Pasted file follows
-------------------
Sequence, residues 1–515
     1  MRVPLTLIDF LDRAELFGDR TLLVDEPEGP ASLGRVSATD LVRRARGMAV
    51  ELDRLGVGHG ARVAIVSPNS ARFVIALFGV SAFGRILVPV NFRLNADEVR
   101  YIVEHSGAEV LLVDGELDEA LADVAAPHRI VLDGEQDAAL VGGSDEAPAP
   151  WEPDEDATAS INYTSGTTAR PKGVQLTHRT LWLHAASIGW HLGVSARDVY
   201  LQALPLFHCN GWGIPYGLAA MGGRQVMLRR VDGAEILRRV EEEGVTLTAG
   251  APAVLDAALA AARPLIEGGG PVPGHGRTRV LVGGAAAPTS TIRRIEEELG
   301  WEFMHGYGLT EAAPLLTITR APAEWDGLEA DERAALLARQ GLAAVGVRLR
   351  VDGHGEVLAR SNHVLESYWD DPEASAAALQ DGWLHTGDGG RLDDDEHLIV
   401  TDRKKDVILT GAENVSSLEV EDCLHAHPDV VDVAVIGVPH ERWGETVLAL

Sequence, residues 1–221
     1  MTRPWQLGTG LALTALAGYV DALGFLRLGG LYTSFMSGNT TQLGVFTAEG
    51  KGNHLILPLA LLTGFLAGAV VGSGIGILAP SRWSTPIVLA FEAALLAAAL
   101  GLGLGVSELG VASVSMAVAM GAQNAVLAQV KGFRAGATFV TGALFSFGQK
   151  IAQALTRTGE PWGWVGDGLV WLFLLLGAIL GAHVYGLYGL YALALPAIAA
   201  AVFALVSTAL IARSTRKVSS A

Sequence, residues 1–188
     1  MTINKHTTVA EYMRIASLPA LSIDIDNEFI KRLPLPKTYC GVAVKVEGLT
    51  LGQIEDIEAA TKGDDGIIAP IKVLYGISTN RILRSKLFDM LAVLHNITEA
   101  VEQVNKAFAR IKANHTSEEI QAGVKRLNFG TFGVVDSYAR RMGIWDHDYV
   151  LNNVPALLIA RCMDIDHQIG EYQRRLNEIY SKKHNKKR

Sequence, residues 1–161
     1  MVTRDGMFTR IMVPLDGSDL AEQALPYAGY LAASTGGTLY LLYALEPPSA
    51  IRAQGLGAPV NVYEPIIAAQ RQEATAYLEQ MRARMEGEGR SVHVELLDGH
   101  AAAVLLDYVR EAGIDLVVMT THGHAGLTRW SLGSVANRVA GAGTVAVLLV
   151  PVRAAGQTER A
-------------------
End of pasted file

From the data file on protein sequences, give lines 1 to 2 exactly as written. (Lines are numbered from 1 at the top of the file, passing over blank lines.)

Sequence, residues 1–515
     1  MRVPLTLIDF LDRAELFGDR TLLVDEPEGP ASLGRVSATD LVRRARGMAV